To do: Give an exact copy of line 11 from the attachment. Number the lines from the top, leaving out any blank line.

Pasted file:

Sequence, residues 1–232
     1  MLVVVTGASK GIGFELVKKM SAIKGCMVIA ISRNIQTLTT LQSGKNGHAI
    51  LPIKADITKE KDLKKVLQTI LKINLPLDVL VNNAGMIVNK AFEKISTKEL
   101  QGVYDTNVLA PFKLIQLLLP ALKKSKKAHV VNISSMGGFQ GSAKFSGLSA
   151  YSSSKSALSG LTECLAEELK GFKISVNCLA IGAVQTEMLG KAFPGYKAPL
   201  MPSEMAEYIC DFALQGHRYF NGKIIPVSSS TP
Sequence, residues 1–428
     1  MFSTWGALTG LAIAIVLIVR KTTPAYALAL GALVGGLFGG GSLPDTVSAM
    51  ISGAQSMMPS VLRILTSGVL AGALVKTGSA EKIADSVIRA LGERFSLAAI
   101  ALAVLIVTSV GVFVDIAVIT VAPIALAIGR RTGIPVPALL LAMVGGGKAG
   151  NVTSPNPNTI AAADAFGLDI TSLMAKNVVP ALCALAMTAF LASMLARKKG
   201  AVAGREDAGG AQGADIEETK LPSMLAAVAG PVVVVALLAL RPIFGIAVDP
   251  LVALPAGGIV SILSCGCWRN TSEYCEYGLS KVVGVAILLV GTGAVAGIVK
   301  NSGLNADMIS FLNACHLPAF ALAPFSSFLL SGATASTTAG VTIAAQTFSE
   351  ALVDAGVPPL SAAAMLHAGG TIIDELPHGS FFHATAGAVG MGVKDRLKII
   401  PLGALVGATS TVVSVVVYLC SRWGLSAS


   151  NVTSPNPNTI AAADAFGLDI TSLMAKNVVP ALCALAMTAF LASMLARKKG